If you are unsure of the appropriate dose to give your child, call your healthcare provider to find out. It’s important to note that medicine will not cure the cause of your child’s fever. Medicine provides comfort only. Once the medication wears off, your child’s fever may come back until they are no longer sick.

Lots of Liquids

Be sure to offer your child plenty of fluids to prevent dehydration. Popsicles, ice chips, water, soup and jello are all great options. Try to avoid beverages high in caffeine as this can make dehydration worse.

If your child has vomiting or diarrhea, speak with your healthcare provider about an oral electrolyte solution. Avoid beverages high in sugar as this can prolong diarrhea.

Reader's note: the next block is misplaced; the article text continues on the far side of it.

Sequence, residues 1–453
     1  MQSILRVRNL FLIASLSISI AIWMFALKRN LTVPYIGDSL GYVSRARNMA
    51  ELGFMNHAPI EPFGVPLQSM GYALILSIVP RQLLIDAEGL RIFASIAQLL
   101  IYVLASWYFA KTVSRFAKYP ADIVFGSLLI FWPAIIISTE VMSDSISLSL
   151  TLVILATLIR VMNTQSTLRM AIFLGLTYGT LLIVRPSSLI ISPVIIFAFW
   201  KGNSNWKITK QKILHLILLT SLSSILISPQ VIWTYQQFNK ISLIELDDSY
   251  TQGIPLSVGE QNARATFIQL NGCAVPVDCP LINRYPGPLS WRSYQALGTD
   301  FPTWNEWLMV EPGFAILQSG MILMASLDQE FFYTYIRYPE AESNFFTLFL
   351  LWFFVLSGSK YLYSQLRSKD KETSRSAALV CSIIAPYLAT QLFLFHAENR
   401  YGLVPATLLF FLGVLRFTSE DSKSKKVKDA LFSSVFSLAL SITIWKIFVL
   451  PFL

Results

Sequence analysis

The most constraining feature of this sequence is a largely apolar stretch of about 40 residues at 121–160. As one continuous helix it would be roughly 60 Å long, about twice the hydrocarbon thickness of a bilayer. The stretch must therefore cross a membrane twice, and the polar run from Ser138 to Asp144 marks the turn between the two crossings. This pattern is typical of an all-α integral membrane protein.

Your child may not feel well enough to eat, so don’t force it. Just ensure they are getting plenty of liquids. Once they feel better, their appetite will return.

Keep it Cool

Have your child wear lightweight clothing, use light sheets or blankets and ensure their bedroom is at a comfortable temperature – not overly warm, and not overly cool.

Rest, rest and more rest

A fever can take it out of your child and cause them to be sleepier than usual. Ensure they are getting adequate rest and relaxation until they begin feeling better. Keep your child home from school or daycare until they have been fever-free (without the use of fever-reducing medication) for 24 hours.

 

When to Seek Medical Care